While he groped his way bewildered to the parlor, the girl hastened to her room, bundled up her clothes, and left the house.
I thought it was one of those things all bundled up in mystery.
The older girl thought the plan a splendid one, and she bundled up Jimmy-Boy, that he might accompany them.
If she weren't so well built, she'd be all bundled up in clothes.
He was bundled up in a raincoat, and seemed as chipper as a clam at high tide.
Peggy and I nearly froze at the University stadium last week, so we bundled up this time.
One party hid, the other bundled up one of their number in a large basket covered over with a mat or cloth.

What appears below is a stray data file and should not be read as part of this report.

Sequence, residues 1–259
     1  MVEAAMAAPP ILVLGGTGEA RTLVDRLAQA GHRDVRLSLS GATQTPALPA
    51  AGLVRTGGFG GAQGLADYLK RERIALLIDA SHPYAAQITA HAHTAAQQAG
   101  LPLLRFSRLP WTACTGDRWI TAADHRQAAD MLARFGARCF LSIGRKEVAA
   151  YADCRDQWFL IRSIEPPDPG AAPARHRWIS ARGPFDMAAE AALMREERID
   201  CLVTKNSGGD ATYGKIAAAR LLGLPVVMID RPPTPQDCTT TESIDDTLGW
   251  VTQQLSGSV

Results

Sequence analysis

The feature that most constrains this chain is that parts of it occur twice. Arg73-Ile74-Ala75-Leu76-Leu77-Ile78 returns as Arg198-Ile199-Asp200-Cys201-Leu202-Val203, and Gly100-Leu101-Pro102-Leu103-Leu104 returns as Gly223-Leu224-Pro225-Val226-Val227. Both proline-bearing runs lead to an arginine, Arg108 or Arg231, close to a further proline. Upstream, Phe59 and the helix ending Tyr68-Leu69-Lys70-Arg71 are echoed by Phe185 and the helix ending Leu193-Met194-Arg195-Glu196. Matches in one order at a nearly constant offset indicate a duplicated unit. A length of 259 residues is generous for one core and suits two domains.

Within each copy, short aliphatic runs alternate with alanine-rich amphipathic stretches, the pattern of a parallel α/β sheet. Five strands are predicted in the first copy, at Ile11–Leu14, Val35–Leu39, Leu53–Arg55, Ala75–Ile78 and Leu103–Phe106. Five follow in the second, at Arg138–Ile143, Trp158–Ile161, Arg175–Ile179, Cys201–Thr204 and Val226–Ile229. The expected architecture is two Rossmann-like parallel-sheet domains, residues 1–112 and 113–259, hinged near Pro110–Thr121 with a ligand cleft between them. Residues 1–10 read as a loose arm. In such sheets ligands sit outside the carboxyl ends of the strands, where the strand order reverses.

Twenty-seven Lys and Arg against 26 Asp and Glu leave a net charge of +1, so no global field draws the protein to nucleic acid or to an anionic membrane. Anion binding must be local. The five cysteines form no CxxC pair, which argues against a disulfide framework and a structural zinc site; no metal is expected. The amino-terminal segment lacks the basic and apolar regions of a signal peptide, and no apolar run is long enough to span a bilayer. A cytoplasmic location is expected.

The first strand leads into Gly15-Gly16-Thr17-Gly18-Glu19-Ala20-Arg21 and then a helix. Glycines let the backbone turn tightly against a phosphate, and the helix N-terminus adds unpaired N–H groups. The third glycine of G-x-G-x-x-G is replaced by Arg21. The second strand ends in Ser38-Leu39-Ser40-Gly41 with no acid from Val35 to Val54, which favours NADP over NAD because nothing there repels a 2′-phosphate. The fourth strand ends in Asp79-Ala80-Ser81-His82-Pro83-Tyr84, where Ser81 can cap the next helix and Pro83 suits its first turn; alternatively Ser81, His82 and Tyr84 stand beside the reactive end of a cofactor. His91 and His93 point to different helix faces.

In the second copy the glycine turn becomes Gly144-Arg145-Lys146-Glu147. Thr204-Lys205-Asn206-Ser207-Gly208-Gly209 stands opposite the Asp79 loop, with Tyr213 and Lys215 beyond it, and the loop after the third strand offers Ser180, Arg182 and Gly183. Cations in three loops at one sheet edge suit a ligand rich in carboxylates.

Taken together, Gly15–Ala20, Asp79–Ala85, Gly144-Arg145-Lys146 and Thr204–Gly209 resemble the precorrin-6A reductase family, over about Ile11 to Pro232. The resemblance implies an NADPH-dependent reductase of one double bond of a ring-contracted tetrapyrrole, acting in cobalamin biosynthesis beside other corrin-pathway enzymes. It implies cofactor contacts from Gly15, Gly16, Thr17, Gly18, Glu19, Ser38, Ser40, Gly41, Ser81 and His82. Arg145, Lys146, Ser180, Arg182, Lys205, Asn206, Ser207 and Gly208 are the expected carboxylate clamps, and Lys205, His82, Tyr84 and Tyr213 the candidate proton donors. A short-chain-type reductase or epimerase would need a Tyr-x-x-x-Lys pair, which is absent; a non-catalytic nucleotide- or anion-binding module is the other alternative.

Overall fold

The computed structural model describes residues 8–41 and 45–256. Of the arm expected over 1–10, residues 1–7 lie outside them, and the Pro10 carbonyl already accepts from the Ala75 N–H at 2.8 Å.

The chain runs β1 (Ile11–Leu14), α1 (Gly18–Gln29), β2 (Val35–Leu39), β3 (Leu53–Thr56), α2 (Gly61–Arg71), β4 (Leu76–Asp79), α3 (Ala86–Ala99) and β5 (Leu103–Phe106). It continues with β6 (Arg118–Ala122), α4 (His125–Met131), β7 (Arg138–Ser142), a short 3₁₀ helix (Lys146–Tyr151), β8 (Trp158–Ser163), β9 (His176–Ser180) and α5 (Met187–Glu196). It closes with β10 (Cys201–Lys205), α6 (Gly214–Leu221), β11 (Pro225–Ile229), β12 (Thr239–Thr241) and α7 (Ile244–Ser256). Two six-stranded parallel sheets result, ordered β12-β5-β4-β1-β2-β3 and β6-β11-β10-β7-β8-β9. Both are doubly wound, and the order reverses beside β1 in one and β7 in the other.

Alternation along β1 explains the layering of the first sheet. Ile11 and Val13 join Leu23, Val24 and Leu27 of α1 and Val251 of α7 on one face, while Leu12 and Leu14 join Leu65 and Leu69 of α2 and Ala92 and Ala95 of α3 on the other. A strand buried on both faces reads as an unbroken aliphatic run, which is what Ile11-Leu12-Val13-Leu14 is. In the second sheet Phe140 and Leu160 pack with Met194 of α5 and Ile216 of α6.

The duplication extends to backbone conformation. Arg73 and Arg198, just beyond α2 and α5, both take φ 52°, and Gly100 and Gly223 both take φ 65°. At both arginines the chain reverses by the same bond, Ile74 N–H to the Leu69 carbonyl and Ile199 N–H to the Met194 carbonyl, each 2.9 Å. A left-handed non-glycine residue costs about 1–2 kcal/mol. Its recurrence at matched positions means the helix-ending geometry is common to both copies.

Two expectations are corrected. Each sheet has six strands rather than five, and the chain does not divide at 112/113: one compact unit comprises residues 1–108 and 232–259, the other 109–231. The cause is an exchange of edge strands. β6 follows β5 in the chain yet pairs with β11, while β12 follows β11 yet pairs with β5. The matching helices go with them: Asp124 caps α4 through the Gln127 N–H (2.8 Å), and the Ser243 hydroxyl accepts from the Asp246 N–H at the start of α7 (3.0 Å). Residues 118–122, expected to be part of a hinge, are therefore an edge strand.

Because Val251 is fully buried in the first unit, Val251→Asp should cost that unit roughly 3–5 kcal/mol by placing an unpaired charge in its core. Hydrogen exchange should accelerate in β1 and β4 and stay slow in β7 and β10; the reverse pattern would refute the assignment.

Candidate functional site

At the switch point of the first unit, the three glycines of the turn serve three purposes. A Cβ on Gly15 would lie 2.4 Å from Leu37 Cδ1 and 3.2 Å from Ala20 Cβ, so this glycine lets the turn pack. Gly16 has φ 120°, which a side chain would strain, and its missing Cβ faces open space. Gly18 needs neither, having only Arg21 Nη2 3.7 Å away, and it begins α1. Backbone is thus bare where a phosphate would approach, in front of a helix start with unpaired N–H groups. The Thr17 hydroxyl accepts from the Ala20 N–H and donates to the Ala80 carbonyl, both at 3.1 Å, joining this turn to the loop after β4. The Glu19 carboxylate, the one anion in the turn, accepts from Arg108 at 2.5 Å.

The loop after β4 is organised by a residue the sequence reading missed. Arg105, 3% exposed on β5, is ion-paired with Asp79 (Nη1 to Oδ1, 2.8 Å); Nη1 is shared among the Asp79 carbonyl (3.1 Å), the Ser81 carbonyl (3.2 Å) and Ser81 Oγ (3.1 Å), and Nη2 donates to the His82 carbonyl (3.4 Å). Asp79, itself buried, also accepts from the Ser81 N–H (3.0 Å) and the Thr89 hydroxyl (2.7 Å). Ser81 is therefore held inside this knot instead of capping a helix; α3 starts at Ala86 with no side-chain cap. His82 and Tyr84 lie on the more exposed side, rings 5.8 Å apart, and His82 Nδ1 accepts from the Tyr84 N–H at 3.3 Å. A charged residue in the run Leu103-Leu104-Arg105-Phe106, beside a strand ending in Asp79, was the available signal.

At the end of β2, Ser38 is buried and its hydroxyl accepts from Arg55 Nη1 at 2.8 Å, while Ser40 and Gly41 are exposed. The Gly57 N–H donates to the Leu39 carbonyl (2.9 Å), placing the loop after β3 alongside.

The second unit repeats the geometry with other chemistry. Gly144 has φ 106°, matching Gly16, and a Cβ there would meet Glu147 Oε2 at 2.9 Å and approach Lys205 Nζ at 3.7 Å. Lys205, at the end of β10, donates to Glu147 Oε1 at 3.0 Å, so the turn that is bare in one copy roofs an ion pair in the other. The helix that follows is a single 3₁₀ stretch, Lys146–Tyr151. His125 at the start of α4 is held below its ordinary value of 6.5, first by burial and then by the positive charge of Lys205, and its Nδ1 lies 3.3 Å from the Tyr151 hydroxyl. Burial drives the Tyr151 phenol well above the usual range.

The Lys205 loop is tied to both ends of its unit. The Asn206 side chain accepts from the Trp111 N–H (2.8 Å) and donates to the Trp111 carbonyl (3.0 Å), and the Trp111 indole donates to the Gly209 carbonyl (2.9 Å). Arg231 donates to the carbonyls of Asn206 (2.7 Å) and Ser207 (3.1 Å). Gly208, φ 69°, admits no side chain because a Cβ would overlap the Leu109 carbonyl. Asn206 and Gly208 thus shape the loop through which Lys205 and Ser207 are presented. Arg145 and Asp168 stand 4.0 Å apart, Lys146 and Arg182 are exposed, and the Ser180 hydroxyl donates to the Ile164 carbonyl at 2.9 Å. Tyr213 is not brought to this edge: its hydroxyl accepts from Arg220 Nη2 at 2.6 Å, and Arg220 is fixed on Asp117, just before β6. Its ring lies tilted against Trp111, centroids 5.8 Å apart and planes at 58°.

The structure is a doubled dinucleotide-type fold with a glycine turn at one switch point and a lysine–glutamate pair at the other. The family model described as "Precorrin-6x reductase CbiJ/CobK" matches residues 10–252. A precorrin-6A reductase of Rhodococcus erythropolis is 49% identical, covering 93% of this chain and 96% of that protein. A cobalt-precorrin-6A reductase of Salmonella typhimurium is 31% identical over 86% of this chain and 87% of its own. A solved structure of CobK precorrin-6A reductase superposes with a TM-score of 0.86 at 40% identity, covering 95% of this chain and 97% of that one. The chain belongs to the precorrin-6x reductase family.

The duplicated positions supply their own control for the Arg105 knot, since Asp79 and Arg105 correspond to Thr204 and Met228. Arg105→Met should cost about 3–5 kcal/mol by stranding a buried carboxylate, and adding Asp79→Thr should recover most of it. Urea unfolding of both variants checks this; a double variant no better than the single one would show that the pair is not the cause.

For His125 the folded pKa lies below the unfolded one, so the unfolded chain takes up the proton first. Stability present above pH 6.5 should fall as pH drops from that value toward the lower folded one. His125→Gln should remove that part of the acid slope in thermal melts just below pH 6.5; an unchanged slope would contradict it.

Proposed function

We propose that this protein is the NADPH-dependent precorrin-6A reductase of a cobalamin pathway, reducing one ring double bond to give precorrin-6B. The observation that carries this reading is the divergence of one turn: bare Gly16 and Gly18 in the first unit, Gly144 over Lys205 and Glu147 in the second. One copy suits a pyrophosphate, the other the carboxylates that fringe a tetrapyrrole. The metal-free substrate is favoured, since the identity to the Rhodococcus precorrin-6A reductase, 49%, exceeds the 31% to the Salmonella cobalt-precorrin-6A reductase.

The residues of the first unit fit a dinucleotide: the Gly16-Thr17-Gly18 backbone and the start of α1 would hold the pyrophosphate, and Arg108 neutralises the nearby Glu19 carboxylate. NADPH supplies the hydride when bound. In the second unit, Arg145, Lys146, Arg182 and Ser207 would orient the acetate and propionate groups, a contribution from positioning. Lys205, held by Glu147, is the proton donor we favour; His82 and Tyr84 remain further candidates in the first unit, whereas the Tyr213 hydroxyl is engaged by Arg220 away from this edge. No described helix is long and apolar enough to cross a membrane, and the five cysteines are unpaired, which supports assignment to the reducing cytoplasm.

I went below, bundled up my great-coat, fished out a couple of life preservers, and groped my way to my chair.
The Baron was bundled up in his fur coat, but Greta had only a light wrap thrown over her evening gown.
And soon the carriage was at the door, and my uncle, bundled up like a mummy, and the charming Polly drove gayly away.
early 14c., "bound collection of things," from Middle Dutch bondel, diminutive of bond, from binden "to bind," or perhaps a merger of this word and Old English byndele "binding," from Proto-Germanic *bundilin (cf. German bündel "to bundle"), from PIE root *bhendh- "tie" (see bend (v.)). Meaning "a lot of money" is from 1899. To be a bundle of nerves "very anxious" is from 1938.
bundle bun·dle (bŭn'dl)
A structure composed of a group of fibers, such as a fasciculus.
To gather up small political contributions into a large and influential amount: His preferred strategy is a controversial practice known as bundling, which means rounding up contributions from friends/ The PAC bundles all the checks for presentation to the individual campaigns (1980s+)